Advocating that they be restructured and ultimately eliminated, he noted that Fannie Mae and Freddie Mac, companies which received a $187 billion federal bailout and went into receivership, now manage virtually all mortgages.

Crapo, a member of the Senate Finance Committee, criticized Obama for delaying the Obamacare employer mandate again until 2015 — after November’s mid-term congressional elections. He said the latest delay creates more chaos for Americans, business owners and the U.S. economy.

If the White House continues unilateral delays, it should delay the entire law, especially the individual mandate, Crapo said, agreeing with a caller that it should be repealed in its entirety.

The disastrous rollout of Obamacare, spiraling federal deficits and exploding oppressive regulations underscore that elections have consequences, Crapo said, adding he senses a momentum is building nationwide to reverse the burgeoning growth of government, taxes and spending. November’s congressional elections will be crucial in countering that, he said.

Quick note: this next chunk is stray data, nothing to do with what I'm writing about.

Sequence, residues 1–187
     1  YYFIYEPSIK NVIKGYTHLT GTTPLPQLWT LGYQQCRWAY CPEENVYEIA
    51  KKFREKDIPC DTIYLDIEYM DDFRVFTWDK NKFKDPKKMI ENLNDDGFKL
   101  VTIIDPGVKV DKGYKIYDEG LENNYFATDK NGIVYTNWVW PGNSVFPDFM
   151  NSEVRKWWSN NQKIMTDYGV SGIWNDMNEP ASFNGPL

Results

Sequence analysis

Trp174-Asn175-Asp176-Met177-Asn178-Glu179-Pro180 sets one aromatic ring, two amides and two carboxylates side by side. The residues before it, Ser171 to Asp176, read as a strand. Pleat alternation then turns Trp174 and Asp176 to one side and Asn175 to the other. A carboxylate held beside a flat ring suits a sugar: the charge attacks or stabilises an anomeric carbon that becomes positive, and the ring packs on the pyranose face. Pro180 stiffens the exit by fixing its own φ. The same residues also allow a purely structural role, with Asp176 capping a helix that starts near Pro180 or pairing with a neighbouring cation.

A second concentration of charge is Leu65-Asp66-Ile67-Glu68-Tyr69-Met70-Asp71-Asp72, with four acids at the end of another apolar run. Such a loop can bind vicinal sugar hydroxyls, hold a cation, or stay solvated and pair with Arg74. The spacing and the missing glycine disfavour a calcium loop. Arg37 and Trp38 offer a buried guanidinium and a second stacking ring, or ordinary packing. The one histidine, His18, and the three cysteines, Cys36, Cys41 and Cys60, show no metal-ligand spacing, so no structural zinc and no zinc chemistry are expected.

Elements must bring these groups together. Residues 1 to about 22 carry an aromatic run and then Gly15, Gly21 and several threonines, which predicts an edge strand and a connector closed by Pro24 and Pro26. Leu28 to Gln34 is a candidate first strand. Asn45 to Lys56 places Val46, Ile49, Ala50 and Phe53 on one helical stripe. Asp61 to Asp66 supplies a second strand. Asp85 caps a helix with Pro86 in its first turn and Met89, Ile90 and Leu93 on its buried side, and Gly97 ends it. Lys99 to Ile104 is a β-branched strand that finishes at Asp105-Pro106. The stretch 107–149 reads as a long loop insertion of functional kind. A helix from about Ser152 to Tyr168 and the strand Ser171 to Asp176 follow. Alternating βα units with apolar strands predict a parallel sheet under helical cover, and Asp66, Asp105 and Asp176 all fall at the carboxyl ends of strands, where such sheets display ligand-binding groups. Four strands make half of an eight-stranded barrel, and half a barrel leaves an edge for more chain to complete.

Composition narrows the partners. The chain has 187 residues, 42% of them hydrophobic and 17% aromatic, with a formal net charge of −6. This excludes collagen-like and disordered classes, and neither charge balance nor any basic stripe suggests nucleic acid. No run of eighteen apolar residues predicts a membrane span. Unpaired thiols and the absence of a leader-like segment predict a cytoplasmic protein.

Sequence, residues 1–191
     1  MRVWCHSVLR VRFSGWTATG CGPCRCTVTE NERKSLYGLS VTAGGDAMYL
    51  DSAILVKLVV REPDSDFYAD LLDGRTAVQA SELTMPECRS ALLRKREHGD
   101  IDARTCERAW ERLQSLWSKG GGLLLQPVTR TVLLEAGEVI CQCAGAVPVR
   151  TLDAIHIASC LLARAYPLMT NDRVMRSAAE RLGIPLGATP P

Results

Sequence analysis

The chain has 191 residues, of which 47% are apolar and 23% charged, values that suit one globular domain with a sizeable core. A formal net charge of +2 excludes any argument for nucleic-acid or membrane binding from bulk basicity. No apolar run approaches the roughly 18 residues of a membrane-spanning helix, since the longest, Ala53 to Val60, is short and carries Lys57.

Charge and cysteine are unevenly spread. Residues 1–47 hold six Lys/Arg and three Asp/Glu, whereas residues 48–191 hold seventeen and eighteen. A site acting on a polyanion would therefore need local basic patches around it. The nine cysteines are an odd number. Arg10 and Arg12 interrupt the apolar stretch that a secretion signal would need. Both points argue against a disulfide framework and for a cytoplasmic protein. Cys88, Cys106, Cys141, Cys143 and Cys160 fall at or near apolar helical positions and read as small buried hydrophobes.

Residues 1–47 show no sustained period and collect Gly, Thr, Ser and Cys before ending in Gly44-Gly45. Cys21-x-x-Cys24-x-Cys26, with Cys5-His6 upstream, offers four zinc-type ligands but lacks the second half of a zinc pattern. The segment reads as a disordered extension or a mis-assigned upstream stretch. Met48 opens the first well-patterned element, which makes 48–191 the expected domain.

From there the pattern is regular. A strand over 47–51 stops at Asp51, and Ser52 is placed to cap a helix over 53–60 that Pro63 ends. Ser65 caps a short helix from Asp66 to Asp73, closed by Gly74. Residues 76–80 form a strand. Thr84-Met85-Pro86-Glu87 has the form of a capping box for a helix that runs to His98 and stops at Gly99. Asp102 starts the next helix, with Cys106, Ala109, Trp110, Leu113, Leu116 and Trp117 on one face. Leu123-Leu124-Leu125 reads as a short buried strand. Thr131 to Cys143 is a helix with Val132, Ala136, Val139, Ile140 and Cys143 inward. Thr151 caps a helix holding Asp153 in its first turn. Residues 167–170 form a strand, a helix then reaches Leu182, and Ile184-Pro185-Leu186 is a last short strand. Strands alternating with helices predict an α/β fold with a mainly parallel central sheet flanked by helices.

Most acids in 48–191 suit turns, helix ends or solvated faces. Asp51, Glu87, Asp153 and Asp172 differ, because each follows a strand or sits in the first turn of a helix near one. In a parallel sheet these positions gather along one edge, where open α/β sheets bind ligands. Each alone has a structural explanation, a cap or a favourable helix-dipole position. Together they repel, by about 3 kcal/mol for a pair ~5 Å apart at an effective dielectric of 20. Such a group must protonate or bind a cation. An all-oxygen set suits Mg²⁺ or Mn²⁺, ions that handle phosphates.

Endorsing the need for a Balanced Budget Amendment, Crapo criticized the House and Senate for extending and increasing the nation’s debt ceiling without any needed fiscal reforms or conditions, calling it very discouraging and frustrating. He and fellow Republican Sen. Jim Risch voted against doing so.

“We recognize if we continue to simply go down the path of adding to debt without solving our fiscal problems, we lose our position globally,” Crapo said, criticizing Democrats for not recognizing the threat the nation’s crushing mountain of debt poses and believing they can spend themselves into prosperity.

“The Congressional Budget Office reaffirms, not withstanding claims by some economists, our country still faces a serious debt crisis. That should be a sober reminder to all Americans of the enormous task ahead of us to get this under control.”